After browsing online for new opportunities and organizations to contribute to, I could not find something that fit my skills, interests and availability. Feeling a little discouraged, I decided to try out other hobbies to fill the void.
I tried filling my time with creating an Instagram handle…nope, nothing. Watching TV shows…nope. Reading…still nope. Writing…okay, getting warmer. Writing in a space where there is a community…ding ding ding. Turns out the secret ingredient I was looking for was contributing to something greater and connecting with others.
Hungry for contribution and connection, I began looking at other avenues. Oh, work! Employee network groups! Taking time to get to know my organization and colleagues better! Going out of my way/responsibility to help teammates and my manager! Cha-ching, I landed on a jackpot at work.
My journey of volunteerism became something that was adapted and integrated into my lifestyle, worldview and approach to everyday life.
Volunteerism was no longer a means to an end. It had creeped up into my life and found its place as a means in itself.
Volunteerism is the practice of humanity, compassion and giving.
Now, let me end off by speaking to some of the values, benefits and learnings I cultivated from volunteering my time.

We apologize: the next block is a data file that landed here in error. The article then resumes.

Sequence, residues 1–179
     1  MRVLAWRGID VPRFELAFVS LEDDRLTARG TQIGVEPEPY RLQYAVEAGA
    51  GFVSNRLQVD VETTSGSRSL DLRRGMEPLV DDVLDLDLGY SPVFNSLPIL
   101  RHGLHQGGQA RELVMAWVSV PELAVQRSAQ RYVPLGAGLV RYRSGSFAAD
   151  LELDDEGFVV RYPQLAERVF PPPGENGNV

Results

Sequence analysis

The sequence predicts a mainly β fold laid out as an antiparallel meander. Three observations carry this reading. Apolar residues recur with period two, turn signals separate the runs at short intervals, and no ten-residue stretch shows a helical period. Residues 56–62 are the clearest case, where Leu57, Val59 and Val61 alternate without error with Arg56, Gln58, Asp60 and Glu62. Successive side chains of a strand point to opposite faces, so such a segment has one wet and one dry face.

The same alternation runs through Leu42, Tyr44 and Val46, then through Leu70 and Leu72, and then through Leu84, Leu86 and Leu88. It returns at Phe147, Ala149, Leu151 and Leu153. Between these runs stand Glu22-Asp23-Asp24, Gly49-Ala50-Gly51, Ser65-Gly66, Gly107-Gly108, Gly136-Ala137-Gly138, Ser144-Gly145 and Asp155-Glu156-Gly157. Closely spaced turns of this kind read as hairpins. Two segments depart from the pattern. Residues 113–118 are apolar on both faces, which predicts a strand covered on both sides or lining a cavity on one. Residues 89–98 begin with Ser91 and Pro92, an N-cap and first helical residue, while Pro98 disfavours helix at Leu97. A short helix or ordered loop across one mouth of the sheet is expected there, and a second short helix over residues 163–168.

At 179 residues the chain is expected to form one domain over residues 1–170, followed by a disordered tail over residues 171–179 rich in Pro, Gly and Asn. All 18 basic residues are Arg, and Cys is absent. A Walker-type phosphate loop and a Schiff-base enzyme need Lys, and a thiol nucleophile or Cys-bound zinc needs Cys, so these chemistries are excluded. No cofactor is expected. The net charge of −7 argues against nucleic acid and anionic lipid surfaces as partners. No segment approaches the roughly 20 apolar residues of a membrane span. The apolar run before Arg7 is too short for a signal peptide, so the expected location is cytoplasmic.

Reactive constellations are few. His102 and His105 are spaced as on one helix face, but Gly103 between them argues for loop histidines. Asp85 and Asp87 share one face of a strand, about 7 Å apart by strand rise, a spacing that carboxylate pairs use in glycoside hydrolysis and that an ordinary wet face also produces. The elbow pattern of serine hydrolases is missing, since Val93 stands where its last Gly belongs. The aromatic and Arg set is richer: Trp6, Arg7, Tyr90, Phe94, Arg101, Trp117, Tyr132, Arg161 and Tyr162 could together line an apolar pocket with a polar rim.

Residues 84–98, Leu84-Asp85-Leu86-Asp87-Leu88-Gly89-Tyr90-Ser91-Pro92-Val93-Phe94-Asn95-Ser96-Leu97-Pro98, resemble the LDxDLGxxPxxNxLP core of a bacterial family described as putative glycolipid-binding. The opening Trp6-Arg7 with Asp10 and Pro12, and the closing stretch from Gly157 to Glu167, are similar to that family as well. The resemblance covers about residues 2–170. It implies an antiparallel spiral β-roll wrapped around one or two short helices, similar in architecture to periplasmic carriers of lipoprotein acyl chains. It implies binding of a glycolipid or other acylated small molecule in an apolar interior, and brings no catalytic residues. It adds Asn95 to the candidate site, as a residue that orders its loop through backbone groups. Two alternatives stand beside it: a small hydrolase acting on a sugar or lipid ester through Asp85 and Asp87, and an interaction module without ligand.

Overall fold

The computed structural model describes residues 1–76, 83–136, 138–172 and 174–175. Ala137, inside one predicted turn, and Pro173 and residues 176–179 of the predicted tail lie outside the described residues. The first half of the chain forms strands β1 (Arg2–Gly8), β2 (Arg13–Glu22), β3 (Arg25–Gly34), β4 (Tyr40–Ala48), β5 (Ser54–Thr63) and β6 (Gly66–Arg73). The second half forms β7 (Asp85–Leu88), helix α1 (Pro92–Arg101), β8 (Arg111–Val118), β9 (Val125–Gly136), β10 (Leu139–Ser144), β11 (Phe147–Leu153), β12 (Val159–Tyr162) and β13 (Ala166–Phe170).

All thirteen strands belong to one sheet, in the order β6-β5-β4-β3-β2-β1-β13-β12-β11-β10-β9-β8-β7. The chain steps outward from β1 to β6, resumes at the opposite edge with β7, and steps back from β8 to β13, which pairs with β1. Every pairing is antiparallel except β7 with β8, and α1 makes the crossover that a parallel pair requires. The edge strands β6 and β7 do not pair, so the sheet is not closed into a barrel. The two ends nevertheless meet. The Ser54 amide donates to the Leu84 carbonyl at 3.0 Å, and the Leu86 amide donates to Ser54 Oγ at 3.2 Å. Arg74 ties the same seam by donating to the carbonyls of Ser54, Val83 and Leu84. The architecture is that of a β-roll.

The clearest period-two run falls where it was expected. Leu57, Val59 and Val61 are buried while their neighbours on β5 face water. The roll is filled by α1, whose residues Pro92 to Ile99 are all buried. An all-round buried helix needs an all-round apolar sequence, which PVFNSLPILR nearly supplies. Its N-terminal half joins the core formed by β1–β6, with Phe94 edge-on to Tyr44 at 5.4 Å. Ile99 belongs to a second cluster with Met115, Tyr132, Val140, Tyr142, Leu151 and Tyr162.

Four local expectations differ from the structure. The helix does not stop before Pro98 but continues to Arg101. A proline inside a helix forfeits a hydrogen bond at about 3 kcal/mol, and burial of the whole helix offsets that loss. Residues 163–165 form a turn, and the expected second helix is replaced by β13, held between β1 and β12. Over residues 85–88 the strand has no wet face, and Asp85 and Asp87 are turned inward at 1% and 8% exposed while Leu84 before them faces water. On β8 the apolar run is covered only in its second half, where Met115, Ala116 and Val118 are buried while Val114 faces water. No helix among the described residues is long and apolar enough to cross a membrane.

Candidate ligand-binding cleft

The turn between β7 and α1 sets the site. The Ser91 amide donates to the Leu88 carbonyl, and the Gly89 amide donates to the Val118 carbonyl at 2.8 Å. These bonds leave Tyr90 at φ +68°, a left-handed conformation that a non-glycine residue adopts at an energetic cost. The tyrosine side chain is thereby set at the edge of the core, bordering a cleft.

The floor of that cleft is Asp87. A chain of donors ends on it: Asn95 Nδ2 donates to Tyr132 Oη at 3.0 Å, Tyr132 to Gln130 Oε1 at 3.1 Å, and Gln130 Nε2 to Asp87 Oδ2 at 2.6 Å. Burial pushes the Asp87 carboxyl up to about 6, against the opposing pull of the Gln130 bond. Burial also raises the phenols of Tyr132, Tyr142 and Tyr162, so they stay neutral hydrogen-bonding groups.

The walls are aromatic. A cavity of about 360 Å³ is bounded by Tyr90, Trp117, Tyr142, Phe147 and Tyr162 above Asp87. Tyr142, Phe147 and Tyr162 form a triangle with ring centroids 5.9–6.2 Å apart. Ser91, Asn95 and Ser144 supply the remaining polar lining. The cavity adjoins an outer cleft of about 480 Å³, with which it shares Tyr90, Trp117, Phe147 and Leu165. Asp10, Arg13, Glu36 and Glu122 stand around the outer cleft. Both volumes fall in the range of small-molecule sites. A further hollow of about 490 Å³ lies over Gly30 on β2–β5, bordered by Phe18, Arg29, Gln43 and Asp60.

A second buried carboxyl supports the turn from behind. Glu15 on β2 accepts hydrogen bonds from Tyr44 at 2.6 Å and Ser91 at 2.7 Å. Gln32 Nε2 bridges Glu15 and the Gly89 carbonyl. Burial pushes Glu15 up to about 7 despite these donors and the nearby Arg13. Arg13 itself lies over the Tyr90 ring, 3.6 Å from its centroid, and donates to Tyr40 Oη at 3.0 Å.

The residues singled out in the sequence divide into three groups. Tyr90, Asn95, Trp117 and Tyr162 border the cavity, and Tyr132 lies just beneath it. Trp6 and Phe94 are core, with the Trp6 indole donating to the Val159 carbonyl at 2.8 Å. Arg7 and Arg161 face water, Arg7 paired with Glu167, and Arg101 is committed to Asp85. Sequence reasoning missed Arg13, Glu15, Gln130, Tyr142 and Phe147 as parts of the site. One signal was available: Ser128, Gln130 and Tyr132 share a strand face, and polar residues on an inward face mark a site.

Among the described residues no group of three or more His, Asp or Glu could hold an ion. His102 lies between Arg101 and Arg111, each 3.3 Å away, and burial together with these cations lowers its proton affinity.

As you may be aware, volunteering provides benefits such as…
- giving back
- contributing to a greater cause
- feeling good
- social interaction
- being part of a community
- building skills/knowledge
- advancing your career
Other less obvious benefits of volunteering include…
- improving overall wellbeing and mental wellbeing
- staying grounded
- expanding wisdom
- practicing gratitude and kindness
- increasing self-worth
- exercising patience and tolerance
- feeling connected to the world and others
- greater understanding for others/issues
- self-growth and personal development
- greater optimism/hopefulness
- a sense of purpose/meaning
Thank you so much for reading, being here today & for having me.
Until next time :)
The Unconventional Social Worker